Al realizes he's missed so much change and growth during the war years, especially the maturing of his children: "I've seen nothing. I should have stayed home and found out what was really going on." He feels uncomfortable that his 'tough' homefront daughter has replaced their home's maid/cook after taking a course in Domestic Science and buying a cookbook. They've grown up and grown away from him - he remembers them as children. "What's happened to this family? All this atomic energy and scientific efficiency." Peggy reassures her father's awkward discomfort:
Peggy: Nice to have you around, dad. You'll get us back to normal.
Father: Or maybe go nuts myself.
As they sit in two wing-backed arm chairs in their living room, Milly looks comfortable, but Al fidgets with his cigarettes. There is a long, pregnant pause broken by Milly's question:
Milly: What do you think of the children?
Al: Children? I don't recognize 'em. They've grown so old.
Milly: I tried to stop them, to keep them just as they were when you left, but they got away from me.
Confused and un-relaxed, Al asks for a drink, but Milly finds their alcohol supply low and worries about her unpreparedness and her husband's reaction: "I wish he'd given us some warning he was going to get here today...I mean so we could have gotten him some supplies of things." Anxious in his new surroundings, Al suggests that Milly and Peggy go out on the town with him and "celebrate the old man's homecoming...I want to do something, see something. I've been in jungles and around savages so long, I gotta find out I'm back in civilization again." They bar-hop from one noisy danceclub to another: from Cafe Deauville to Louie and Ernie's bar to the Pelican Club and finally to Midnite Gardens. In an uncomfortable scene at the Parrish home, the invited in-laws, the Camerons (Don Beddoe and Dorothy Adams), are curious about Homer's war experiences and pushy about his limited abilities as a job-seeker. As the center of attention, the veteran (with his sailor uniform) endures their over-polite company: "Did you meet General MacArthur?" Homer's father-in-law lights his own cigar - refusing Homer's able assistance, and then bluntly asks:
Mr. Cameron: Have you thought anything about getting a job, Homer?
Wilma: (interrupting to defend Homer) Father, it's much too soon for Homer to be thinking about a job. He's just out of the hospital.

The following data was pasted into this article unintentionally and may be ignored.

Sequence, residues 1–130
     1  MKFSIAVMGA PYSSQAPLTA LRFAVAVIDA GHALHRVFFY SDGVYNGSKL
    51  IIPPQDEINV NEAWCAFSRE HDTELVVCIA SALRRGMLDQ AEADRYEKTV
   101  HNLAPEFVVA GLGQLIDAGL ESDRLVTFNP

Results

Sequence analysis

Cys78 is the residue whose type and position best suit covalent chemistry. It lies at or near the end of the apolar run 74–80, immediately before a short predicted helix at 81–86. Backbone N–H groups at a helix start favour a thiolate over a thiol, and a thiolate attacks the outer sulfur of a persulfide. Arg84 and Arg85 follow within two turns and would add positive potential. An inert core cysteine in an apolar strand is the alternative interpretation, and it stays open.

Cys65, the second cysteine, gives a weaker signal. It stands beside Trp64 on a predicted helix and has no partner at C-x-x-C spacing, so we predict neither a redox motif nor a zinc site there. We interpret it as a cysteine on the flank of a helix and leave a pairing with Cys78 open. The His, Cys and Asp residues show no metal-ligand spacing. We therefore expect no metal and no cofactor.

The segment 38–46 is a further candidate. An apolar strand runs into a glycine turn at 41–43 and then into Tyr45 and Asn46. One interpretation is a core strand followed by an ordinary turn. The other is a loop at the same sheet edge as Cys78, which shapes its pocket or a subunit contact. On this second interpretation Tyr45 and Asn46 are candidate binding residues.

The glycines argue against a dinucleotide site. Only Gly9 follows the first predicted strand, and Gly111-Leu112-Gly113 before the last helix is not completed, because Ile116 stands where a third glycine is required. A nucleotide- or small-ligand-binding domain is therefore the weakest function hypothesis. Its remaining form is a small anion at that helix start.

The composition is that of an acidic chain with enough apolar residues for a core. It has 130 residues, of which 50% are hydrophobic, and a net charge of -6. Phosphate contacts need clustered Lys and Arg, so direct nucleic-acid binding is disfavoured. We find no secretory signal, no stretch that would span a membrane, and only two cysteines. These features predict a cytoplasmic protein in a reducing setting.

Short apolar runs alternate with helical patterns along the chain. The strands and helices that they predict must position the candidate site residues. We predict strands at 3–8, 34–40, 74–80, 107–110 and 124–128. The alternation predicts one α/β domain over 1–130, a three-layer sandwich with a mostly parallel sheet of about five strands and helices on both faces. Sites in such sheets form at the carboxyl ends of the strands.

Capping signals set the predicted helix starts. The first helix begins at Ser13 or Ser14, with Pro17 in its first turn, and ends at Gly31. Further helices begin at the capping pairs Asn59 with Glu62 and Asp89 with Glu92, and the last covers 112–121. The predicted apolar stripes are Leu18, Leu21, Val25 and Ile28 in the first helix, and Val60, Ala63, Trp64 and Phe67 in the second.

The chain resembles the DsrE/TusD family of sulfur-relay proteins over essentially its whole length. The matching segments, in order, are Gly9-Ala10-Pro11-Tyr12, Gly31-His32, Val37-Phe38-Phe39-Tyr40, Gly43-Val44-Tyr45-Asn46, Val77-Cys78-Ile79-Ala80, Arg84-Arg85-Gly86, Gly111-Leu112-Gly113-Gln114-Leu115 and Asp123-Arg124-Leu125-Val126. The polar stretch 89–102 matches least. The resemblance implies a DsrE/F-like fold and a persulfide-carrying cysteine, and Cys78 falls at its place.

Mr. Cameron: Yes, I know but a few months from now, the same opportunities won't exist that exist today. You might think about my business Homer, insurance. We've taken on a number of veterans. They make very good salesmen, you know. Men who have suffered from some kind of disability.
Already feeling self-conscious about his handicap, Homer spills his glass of cold lemonade. His mother excuses his behavior and makes matters worse: "Wilma will hold it for you." Even Wilma is unable to know how to react as Homer leaves and makes his way to his uncle's bar - Butch's Place. By the end of their evening on the town, Al is sloppy drunk, and insists on "one last little drink" at Butch's Place where proprietor/piano player Butch (Hoagy Carmichael) is entertaining, and Fred Derry has already positioned himself at the bar. Now calm and not feeling like the object of curiosity, Homer picks up his beer glass flawlessly. Al brings his wife and daughter into the bar for a back-slapping reunion. [The three veterans rendezvous unexpectedly within the masculine sanctuary of the bar - their lives already intertwined.] Al promises Fred that before the night is over, they'll "deploy our forces and comb the town" and help find his wife. Homer believes that his family (and Wilma) are fond of him only because they take pity on him. He resolutely wants to discourage everyone's efforts to love him, despite his disability. In a sardonic tone, Butch wisely convinces Homer to return to his family - and to Wilma:
Homer: Wilma? What does she want?
Homer: Oh, why can't they leave a guy alone?
Butch: Because they're fond of ya, that's why. What made you leave the house and get them all worried?
Homer: Oh, they, they got me nervous...well, they keep staring at these hooks, or else they keep staring away from them.
Butch: Do you mean, whatever they do is wrong?
Homer: Why don't they understand that all I want is to be treated like everybody else?
Butch: Give 'em time, kid. They'll catch on. You know, your folks will get used to you, and you'll get used to them. Then everything will settle down nicely, unless we have another war. Then none of us have to worry because we'll all be blown to bits the first day. So cheer up, huh?
Fred strikes up an acquaintance with Peggy while her parents dance in the lounge:
Fred: You don't seem like Al's daughter.
Peggy: Actually, I'm not. He's my son by a previous marriage.
Fred: (after laughing) What did you say your name was?
As the bar is closed, Butch drives Homer home to bed, and Milly and Peggy take the 'stinking' drunk pair of Al and Fred home. On the way, they make a brief stop to drop Fred off at the Glenview Arms apartment house where Marie is supposedly located, but Fred is unable to gain entrance. So he is brought back to the Stephenson's apartment and helped to bed in Peggy's bedroom - she sleeps on the couch. During the night, Fred experiences fitful, sweaty nightmares of a disastrous bombing run over Germany. With her training experience in a hospital, Peggy hears his distress as he awakes in a strange bedroom, and comforts and soothes him: "There's nothing to be afraid of. All you have to do is go to sleep and rest. Go to sleep. Go to sleep, Fred. Go to sleep and rest." She tenderly wipes his brow and face and quiets his fears. The next morning over breakfast that Peggy has prepared, Fred is slightly hung-over and forgetful about the evening's celebration. He shows his fondness for her, but admits that he's married. With subdued affection for him, she explains why she is single: "I guess the best of 'em are already married." Peggy volunteers to drive Fred to Marie's apartment on her way to work in the hospital. Enroute, she learns he was a former soda-jerk in a lowly profession, and that he is becoming smitten by her. He doesn't want to return to his old job after his years of wartime heroics, experience and service: